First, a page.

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War and Military History War and Military History Forum - Warfare, Tactics, and Military Technology over the centuries


View Poll Results: Who was the greatest general in American military history?
George Washington 13 22.03%
Nathaniel Greene 3 5.08%
Winfield Scott 13 22.03%
Zachary Taylor 1 1.69%
Ulysses S. Grant 22 37.29%
Robert E. Lee 16 27.12%
William T. Sherman 3 5.08%
John J. Pershing 2 3.39%
Douglas MacArthur 5 8.47%
George C. Marshall 10 16.95%
Dwight D. Eisenhower 13 22.03%
Omar Bradley 4 6.78%
George S. Patton 4 6.78%
Matthew Ridgway 6 10.17%
Other 3 5.08%
Multiple Choice Poll. Voters: 59. You may not vote on this poll

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Old July 27th, 2017, 07:15 PM   #101
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Quote:
Originally Posted by Sam-Nary View Post


It's a point that requires diplomacy and tact, something that Monty wasn't known for when working with those in theory equal or superior to him...

See: https://en.wikipedia.org/wiki/Bernar...k_of_diplomacy

That sort of thing is NOT something that is indicative that he could persuade those in disagreement with him to do what he wanted.
Interesting you should bring Wiki into this because I happen to know that a South African is furiously making changes to every Wiki article that mentions Monty in order to peddle his crazy anti-Monty conspiracy views. His name is Wdford and you can find him on Monty's page, The Battle For Caen and several others. He has been blocked several times but keeps plugging away until he wears everyone down and makes his silly version of Monty the Wiki version. That is why Wiki will always be worthless as an authorative source.


From the Monty page you link and from the 'Talk' section:

Please help. I am working on building up the article for Battle for Caen, which was obviously part of Overlord. I started on the controversy about the fact that Montgomery failed to achieve some D-Day objectives, specifically capturing Caen, and then pretended that everything went according to his “real” original plan after all. Another editor is fiercely defending Montgomery, ruling that actual correspondence from Eisenhower and other commanders of the time are “primary sources” that must take second place to the secondary sources, even though the actual correspondence from Eisenhower and other commanders are presented in secondary sources, and that all the secondary sources which criticize Montgomery were written by people who simply failed to understand Monty’s genius plans, and who were part of a 1970’s conspiracy. It’s getting to be a bit of an alt-truth situation. Please could some other editors who are knowledgeable on the subject, assist on the Battle for Caen article? Wdford (talk) 21:21, 29 May 2017

Clearly his aim is to introduce the outright lies that were a staple of the post-war US books that blamed Monty for every wrong in WW2.
I bet you were unaware of that fact as well. Me? I always like to keep an eye on the Monty-bashing obsessives!

This is the Wiki Talk page for the Battle For Caen. Start at the bottom and work your way up to see how remorseless the troll Wdford is in his obsession to denigrate everything Monty.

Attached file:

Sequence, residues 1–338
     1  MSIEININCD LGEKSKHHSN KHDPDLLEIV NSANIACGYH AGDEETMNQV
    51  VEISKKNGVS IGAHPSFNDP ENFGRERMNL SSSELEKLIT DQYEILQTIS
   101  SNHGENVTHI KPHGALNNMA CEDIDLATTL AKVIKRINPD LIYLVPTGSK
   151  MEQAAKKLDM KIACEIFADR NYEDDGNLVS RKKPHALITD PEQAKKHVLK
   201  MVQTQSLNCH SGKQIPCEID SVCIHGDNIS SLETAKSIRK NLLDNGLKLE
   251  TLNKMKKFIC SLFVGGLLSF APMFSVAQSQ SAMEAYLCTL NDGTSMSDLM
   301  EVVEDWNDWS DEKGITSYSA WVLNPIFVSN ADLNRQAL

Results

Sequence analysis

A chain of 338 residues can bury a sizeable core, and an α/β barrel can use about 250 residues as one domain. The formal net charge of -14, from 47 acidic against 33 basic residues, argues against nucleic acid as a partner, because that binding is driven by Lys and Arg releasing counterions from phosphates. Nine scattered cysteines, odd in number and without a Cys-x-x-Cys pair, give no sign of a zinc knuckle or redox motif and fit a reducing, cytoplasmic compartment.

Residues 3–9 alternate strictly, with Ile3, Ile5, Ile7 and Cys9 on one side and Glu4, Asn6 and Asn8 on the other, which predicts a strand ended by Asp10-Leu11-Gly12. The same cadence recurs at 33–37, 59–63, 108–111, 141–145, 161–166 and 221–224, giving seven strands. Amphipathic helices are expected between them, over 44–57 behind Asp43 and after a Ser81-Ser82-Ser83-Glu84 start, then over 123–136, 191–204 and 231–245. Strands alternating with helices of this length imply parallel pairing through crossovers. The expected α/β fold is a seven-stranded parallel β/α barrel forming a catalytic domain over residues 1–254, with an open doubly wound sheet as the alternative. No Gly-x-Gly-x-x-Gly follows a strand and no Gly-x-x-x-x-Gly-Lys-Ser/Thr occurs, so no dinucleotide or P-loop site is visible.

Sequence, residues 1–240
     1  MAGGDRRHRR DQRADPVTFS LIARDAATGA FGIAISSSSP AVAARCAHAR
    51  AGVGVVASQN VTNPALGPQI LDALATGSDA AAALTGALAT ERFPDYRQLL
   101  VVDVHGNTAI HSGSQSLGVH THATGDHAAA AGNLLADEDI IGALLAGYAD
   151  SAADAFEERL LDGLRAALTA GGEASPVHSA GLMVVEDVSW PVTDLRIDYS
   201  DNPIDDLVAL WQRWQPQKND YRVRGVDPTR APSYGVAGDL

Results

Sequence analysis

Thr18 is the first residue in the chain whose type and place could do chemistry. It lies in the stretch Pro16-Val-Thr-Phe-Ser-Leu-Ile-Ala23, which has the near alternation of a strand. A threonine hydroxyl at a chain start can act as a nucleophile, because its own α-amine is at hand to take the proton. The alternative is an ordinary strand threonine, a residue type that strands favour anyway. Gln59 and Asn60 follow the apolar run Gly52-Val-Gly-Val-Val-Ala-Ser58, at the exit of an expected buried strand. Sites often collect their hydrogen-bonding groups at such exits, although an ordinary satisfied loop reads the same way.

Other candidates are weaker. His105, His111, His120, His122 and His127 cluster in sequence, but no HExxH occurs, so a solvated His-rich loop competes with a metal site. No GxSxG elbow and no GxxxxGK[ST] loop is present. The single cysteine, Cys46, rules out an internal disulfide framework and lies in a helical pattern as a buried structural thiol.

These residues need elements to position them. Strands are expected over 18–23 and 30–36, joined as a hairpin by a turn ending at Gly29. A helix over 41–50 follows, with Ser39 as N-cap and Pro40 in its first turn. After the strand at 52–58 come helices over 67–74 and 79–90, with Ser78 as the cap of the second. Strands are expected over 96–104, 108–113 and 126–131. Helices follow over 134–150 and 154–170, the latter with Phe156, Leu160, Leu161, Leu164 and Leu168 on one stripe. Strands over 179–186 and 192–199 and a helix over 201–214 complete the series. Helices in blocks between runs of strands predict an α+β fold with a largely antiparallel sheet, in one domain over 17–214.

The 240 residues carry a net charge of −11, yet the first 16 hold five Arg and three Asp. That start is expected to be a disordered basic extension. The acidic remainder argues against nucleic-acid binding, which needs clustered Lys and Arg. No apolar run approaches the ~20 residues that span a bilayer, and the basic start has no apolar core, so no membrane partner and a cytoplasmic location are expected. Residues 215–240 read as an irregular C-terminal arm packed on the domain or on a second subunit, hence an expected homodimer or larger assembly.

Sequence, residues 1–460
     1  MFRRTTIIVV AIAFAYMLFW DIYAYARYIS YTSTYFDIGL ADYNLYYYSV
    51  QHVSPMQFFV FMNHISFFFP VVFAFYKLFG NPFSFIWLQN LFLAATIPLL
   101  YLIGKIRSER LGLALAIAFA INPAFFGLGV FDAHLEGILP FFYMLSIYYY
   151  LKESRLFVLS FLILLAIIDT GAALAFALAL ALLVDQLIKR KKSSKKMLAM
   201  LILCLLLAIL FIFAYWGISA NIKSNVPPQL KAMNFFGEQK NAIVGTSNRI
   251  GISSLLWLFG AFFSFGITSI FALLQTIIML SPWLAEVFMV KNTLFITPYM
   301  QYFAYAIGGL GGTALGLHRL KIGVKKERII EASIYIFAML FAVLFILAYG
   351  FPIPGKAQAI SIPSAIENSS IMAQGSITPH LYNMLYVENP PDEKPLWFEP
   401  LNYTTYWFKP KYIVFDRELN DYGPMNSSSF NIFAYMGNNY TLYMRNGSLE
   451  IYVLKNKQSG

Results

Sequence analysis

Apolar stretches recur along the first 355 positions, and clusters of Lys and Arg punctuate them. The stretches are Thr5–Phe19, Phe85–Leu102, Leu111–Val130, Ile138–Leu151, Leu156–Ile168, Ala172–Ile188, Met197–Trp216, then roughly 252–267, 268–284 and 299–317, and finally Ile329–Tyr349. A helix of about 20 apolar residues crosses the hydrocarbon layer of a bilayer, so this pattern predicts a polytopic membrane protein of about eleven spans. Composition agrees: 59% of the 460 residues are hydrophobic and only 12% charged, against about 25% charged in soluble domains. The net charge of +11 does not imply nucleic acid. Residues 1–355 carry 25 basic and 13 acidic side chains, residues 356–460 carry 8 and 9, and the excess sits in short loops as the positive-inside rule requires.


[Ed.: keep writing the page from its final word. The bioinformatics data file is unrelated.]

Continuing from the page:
https://en.wikipedia.org/wiki/Talk:Battle_for_Caen
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Old July 27th, 2017, 07:56 PM   #102

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Originally Posted by mkenny View Post
Interesting you should bring Wiki into this because I happen to know that a South African is furiously making changes to every Wiki article that mentions Monty in order to peddle his crazy anti-Monty conspiracy views. His name is Wdford and you can find him on Monty's page, The Battle For Caen and several others. ]
Thanks for pointing that out.

Do we need to remind members again? Wiki is not a reliable source!!!
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Old July 28th, 2017, 12:46 AM   #103

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Originally Posted by Lord Fairfax View Post
Thanks for pointing that out.

Do we need to remind members again? Wiki is not a reliable source!!!
No, Wiki is actually pretty reliable... until something like this happens, and reliable once again after 'theses happenings' are culled, which the admin. running Wiki is quick to do. Wiki articles require a judicious use of citations anyway and articles are almost always composed by experts in a field.
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Old July 28th, 2017, 03:45 AM   #104

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Originally Posted by nuclearguy165 View Post
No, Wiki is actually pretty reliable... until something like this happens, and reliable once again after 'theses happenings' are culled, which the admin. running Wiki is quick to do. Wiki articles require a judicious use of citations anyway and articles are almost always composed by experts in a field.
Wiki is a place to aggregate information, it's not a historical source.
Try citing Wiki in your doctoral thesis and see how far that goes.
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Old July 28th, 2017, 05:03 AM   #105

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Originally Posted by Lord Fairfax View Post
Wiki is a place to aggregate information, it's not a historical source.
Try citing Wiki in your doctoral thesis and see how far that goes.
Oh yes, you cannot cite Wiki in any formal research because tertiary sources are not permitted for those. Something like a thesis requires a diverse range of secondary and primary sources and while Wiki can provide guides to other sources, it will not do to be a source itself in formal research. It would simply be too easy doing it that way.

On the other hand, for casual historical discussion such as that which takes place here, Wiki is fine.
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Old July 28th, 2017, 05:53 AM   #106

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Wikipedia is fine as long as you understand it's the beginning of research, not the end.
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Old July 28th, 2017, 06:21 AM   #107
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Originally Posted by nuclearguy165 View Post